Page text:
Turning a New Page: Book Repair at King Library
SJSU King Library student assistant Hannah Underwood, ’24 Music Education, learned to repair books in the library. Photo by Luke Makinson, ’24 Radio-Television-Film, King Library Marketing team.
Did you know that behind the circulation desk at San José State’s Dr. Martin Luther King, Jr. Library, there exists an entire world of book restoration and repair?
Deep in the belly of King Library’s lower level is an office space lined with rows of old books, some with cracked or missing spines, others looseleaf with pages beginning to sever and fall out. The books sit as if in a doctor’s waiting room, biding their time until a librarian or student assistant can diagnose their condition and treat them with binding glue and special tape.
“What we do here is book stabilization for the shelf,” says Jill Strykowski, cataloging and metadata analyst. She holds up a book with a repaired spine to show that its structure is once again strong enough to hold its pages together to be circulated once again. “With a shift to eResources across the library industry, physical book repair hasn’t been a priority.”
But since King Library exhausts every effort to use its existing catalog, Strykowski believes it’s important to fix the books that need a little TLC. Many are long out of print, and some are rare, with copyrights ranging back to the days of the San José Normal School.
Though she’d gained the basics of archival and book repair in graduate school, in 2021 Strykowski signed up for a course on book repair to help her revive a previously existing SJSU book repair program. She learned the subtle difference between the niche art of book restoration for collection and display, versus book repair for functionality, form and increased circulation. Given the resources, tools and training required for the former, Strykowski’s focus at SJSU King Library is to increase the life of its books so future Spartans can continue to read and learn. She hired a team of student assistants to help restart the book repair program.
Many of the materials in need of repair were scores of music, as well as music history and related textbooks, so she reached out to the School of Music and Dance through the College of Humanities and the Arts. And that’s how she found trumpet player and aspiring middle school music teacher Hannah Underwood, ’24 Music Education. Also a student assistant for the school’s music library, as well as the SJSU Marching Band student librarian, Underwood discovered she had a knack for the subtle art of book restoration.
A true book person at heart, she can’t help describing the process of repairing books in literary terms.
“It’s definitely weird to rip a cover off a book — it’s like ‘Fahrenheit 451,’” she says, referring to the dystopian novel by Ray Bradbury. “But then you get to put it back on and you realize, I’m doing a good thing.”
When she notices that she has to remove a page in order to fix a broken spine, or rip off a cover to reinforce it with cloth tape, she feels a tiny pang.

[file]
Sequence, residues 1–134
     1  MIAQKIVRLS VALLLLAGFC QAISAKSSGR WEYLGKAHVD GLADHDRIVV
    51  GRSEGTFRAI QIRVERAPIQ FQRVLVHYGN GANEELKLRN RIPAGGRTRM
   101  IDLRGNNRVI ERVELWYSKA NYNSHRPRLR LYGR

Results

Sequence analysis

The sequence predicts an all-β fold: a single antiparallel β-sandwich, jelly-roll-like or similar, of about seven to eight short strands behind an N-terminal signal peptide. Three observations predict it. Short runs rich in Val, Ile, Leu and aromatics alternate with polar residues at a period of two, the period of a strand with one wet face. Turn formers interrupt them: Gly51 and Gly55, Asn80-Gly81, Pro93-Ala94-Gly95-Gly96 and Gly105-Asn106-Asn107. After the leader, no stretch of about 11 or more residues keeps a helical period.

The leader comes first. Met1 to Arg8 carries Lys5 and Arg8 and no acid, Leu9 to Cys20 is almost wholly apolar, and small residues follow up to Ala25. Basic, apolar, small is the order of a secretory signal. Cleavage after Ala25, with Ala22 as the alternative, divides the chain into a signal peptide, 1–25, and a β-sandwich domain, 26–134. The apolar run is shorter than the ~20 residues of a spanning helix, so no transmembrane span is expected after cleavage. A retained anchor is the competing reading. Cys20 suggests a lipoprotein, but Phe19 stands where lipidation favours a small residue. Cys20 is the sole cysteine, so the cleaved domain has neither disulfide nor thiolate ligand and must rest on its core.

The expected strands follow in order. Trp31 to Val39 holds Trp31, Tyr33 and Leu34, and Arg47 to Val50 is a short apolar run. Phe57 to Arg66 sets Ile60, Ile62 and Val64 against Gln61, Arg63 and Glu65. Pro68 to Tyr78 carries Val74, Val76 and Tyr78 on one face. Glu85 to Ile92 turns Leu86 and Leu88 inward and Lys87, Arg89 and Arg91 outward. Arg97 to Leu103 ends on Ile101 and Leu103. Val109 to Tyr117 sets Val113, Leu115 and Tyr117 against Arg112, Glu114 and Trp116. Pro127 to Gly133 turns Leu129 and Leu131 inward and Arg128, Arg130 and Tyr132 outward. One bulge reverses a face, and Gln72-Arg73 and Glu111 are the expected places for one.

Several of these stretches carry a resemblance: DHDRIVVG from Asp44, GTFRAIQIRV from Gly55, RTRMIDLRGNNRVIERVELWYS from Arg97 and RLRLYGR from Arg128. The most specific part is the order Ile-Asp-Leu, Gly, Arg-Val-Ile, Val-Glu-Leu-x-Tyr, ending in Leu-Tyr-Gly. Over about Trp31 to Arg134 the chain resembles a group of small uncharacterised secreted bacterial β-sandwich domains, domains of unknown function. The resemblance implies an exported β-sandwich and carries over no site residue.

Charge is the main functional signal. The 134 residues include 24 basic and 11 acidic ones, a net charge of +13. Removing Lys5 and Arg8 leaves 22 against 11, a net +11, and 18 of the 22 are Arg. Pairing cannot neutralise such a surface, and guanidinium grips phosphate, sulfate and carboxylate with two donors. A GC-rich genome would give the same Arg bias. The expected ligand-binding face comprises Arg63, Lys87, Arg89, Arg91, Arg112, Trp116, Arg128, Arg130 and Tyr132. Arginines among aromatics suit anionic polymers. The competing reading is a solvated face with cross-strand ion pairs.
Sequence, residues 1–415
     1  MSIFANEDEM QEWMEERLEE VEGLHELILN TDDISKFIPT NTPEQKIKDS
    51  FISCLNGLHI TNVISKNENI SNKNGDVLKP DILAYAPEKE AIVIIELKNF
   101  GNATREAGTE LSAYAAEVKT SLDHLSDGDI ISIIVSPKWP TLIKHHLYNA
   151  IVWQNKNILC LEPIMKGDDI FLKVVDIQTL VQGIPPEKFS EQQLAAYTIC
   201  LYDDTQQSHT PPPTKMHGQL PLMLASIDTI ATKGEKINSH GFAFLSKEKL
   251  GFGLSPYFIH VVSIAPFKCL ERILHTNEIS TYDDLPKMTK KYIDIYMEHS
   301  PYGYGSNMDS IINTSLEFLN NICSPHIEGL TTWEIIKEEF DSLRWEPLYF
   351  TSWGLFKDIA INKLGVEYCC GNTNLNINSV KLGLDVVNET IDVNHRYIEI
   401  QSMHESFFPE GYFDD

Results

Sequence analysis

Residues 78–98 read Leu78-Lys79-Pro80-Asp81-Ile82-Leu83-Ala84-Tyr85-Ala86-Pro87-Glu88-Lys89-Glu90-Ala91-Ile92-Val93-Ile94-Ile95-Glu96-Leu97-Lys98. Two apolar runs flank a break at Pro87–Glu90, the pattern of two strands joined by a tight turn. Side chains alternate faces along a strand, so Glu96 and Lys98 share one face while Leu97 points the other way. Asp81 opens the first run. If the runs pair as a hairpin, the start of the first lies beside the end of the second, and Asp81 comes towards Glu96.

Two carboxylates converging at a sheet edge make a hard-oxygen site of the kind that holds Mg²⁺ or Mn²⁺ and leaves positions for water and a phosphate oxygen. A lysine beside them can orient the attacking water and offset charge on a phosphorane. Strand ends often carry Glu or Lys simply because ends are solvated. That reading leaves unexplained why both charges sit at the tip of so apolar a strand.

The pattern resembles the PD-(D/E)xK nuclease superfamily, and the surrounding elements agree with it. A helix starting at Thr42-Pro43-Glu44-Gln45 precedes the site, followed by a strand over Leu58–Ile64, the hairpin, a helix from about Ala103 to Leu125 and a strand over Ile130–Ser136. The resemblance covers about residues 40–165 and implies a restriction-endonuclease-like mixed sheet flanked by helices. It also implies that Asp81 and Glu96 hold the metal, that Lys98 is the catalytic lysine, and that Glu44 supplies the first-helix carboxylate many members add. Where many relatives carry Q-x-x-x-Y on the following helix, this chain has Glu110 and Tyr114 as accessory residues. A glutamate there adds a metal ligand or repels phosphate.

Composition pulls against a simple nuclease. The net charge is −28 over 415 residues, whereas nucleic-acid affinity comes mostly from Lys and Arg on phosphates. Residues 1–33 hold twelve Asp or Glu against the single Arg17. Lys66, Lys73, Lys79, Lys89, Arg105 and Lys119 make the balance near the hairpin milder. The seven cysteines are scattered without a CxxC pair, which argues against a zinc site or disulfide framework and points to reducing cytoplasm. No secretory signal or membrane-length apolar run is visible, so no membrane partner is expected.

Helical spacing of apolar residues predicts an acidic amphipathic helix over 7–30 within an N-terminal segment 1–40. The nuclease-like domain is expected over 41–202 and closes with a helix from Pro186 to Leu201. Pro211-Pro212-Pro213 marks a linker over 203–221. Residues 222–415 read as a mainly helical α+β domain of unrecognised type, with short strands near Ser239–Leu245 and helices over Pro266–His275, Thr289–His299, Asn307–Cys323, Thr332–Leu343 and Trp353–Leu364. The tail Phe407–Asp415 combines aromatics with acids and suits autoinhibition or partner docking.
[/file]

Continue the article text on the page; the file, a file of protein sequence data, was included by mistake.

Hannah Underwood repairs a book at King Library. Video by Luke Makinson, ’24 Radio-Television-Film, King Library Marketing Team.
Underwood adds that her experience repairing books has also taught her to view the library in a new way. She has a newfound appreciation for the depth and breadth of SJSU King Library’s more than one million books — and this knowledge has come in handy when it comes time to write term papers.
“There’s definitely a lot more in the music collection than I expected,” she says. “I’ll be looking through the stacks and realize I didn’t know [that catalog] existed. One of the books that was recommended in my classes was hard to get because it was out of print, but I knew to look here.”
She gestures to the books on her desk, sorted neatly in piles by status of repair, as well as to the eight floors of collections, exhibits, galleries and study spaces above her. She mentions that she’s also spent time in the Ira F. Brilliant Beethoven Center on the fifth floor.
“I like seeing what I can use from the library as a resource,” she says. “It’s really cool knowing that we have different music scores and books here as well.”
She shares a few tips for readers of well-loved books: Avoid Scotch tape; it yellows with age. Choose cloth tape instead and reinforce any loose or broken covers with liquid plastic, a special form of acid-free glue. Don’t add binding tape unless it’s truly necessary; otherwise it can affect the book’s overall quality and shelf life.
Strykowski adds that even though libraries are increasingly focused on digital books and collections, the demand for book repair services will actually go up because those books left on the shelf will continue to age.
“As the bulk of our collections keep getting older and older, the more sense it makes to come down here” to get books repaired, she adds, nodding to Underwood’s desk.
Underwood could be playing double duty this fall, when the marching band joins the library in the celebration of the 20th anniversary of its joint partnership with San José Public Library. Until then, she’ll be busy in the library’s lower level, glue and cloth tape at the ready.